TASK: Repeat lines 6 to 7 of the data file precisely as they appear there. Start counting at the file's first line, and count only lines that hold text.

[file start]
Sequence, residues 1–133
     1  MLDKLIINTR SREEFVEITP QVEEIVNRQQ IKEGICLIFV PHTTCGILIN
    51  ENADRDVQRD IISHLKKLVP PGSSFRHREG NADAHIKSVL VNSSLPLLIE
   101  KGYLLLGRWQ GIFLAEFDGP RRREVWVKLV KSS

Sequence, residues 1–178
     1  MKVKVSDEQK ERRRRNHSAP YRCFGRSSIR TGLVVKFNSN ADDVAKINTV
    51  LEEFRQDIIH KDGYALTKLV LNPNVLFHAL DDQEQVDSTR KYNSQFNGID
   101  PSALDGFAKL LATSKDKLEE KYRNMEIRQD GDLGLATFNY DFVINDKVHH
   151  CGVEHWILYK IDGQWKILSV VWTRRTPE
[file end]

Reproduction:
     1  MKVKVSDEQK ERRRRNHSAP YRCFGRSSIR TGLVVKFNSN ADDVAKINTV
    51  LEEFRQDIIH KDGYALTKLV LNPNVLFHAL DDQEQVDSTR KYNSQFNGID